Macau greyhounds in government care as Angela Leong misses deadline for securing their future

Casino hub’s dog track closes for good on Saturday, with fate of more than 600 animals still in limbo

PUBLISHED : Friday, 20 July, 2018, 2:28pm
UPDATED : Friday, 20 July, 2018, 11:15pm

More than 600 greyhounds have been taken into the care of the Macau government after one of the city’s most powerful women – who effectively owns the racing dogs – failed to come up with a plan to look after them.

The move came just 24 hours before Asia’s only legal dog track closes for good on Saturday, and follows months of bitter wrangling between animal rights activists and government officials in the world’s richest gaming hub.

The government announced on Friday that it had taken responsibility for the dogs. It said Angela Leong On-kei’s company had failed to provide a responsible solution for the canines despite knowing since early 2016 that its lease on the track would expire. On its website, it said the future of the dogs had been “in an uncertain state, causing public anxiety and social problems”.

Angela Leong handed ultimatum over future of Macau greyhounds

It added that the company would be punished under the Animal Protection Act and that the authorities would ensure the greyhounds receive adequate care. It did not elaborate on the condition or whereabouts of the animals or on its plans for them.

Leong – businesswoman, lawmaker and fourth wife of casino tycoon Stanley Ho Hung-sun – is the executive director of the company that operates the Macau Canidrome, and has long faced criticism from animal rights groups, who claim the dogs have been kept under cruel conditions.

Leong has repeatedly denied those accusations but has failed to respond to repeated requests for comment from the Post on the fate of the dogs.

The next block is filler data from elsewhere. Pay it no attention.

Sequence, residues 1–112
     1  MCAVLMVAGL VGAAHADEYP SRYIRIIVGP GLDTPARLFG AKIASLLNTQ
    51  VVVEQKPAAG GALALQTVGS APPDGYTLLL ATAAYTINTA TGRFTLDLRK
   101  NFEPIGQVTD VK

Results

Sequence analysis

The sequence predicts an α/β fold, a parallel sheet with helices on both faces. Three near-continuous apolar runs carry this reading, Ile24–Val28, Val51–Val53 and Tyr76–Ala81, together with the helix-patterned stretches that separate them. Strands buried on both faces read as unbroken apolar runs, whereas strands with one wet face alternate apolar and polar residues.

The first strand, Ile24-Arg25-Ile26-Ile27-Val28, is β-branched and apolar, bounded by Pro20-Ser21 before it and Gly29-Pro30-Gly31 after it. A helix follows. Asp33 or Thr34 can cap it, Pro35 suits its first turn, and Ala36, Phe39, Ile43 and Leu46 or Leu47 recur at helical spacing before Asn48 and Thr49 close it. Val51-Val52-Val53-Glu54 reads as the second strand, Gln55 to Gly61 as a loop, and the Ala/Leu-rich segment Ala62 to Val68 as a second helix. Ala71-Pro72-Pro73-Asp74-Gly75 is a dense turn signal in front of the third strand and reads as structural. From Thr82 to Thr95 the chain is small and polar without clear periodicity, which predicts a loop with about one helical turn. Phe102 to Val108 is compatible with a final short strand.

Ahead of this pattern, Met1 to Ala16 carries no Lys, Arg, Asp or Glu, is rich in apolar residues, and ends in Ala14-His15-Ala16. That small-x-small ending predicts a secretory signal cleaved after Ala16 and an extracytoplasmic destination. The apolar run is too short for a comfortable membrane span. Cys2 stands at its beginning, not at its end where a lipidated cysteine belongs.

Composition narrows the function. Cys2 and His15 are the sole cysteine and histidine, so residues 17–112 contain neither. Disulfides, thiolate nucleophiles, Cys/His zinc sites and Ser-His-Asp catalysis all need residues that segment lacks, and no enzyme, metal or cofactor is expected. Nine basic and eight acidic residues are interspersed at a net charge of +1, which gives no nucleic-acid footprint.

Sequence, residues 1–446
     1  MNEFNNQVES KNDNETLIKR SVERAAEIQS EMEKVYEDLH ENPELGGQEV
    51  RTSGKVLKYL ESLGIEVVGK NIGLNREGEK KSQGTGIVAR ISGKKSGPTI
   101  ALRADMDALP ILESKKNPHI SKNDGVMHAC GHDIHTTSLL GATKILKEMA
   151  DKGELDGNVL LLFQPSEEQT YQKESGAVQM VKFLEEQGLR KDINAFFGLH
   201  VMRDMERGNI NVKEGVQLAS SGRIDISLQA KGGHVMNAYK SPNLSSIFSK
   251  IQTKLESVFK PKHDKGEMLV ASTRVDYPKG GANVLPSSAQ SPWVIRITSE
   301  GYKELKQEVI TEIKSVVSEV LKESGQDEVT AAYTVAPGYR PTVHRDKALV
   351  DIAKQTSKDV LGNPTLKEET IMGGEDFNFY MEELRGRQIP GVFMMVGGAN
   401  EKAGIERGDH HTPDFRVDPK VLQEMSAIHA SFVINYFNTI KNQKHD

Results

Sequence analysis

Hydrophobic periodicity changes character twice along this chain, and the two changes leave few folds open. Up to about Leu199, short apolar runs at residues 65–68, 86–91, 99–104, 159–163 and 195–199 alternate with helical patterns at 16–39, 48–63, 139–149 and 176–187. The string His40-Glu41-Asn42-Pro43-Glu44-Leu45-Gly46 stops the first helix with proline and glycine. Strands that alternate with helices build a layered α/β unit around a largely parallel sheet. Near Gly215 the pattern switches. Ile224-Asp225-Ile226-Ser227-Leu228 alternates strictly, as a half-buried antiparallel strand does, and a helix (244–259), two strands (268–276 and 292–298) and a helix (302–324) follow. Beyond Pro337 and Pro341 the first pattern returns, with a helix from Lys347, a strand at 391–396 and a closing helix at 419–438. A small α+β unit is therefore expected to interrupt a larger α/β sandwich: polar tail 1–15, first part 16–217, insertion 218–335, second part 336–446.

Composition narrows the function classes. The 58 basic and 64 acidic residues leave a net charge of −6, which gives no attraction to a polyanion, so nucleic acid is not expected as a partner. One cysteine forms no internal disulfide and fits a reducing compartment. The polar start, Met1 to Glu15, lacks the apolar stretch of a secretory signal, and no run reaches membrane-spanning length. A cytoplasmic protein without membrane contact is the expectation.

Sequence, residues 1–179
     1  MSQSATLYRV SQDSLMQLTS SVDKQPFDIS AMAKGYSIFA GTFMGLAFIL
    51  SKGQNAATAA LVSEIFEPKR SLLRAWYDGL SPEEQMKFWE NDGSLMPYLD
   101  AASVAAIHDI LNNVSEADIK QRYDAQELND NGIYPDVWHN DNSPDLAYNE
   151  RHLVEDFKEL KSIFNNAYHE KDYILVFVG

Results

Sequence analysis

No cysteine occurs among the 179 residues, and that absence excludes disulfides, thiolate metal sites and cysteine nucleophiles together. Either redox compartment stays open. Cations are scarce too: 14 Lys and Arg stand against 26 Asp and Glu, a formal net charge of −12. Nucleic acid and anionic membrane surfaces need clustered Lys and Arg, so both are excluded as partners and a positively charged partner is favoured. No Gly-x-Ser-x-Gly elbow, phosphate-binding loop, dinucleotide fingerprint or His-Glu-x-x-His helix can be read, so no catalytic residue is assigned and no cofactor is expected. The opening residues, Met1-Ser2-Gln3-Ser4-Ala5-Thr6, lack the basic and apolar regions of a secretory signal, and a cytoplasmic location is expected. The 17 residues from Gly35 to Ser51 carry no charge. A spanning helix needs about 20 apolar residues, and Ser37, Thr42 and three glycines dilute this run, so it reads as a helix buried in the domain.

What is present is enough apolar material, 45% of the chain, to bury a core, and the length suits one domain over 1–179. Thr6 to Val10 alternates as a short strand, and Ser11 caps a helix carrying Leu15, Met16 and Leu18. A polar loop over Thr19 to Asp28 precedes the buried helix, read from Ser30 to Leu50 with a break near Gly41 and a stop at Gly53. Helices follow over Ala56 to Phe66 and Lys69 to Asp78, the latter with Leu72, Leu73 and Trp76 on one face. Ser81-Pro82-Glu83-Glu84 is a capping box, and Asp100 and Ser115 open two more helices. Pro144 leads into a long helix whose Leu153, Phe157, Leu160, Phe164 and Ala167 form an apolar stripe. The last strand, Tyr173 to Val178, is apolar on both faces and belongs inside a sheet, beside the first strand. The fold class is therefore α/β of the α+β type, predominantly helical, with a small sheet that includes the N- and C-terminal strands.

She said on Friday afternoon that she would not hold a press conference, as she had earlier intimated she would.

“It is not quite appropriate to hold a press conference today because we have a lot more follow-up work to handle,” Leong told local media.

“In the coming few days we will disclose all documents about the company because we think the information we have at hand now is still not thorough enough.”

On July 9, Hong Kong’s Agriculture, Fisheries and Conservation Department announced that it had struck a deal with the Macau authorities to speed up the process for Hongkongers who wanted to adopt the greyhounds.

Under the special measures, the dogs must still spend 120 days in quarantine as required at present. But instead of queuing up for quarantine centres in Hong Kong, which could mean a wait of four to five months, the greyhounds can spend the first 90 days in Macau’s pet shops or pet hotels, as long as they pass a health check and have been vaccinated against rabies and other infectious diseases.

The canines can then spend the last 30 days of the quarantine period with their new owners in Hong Kong.

The department said that applications for the special permit would close on August 31.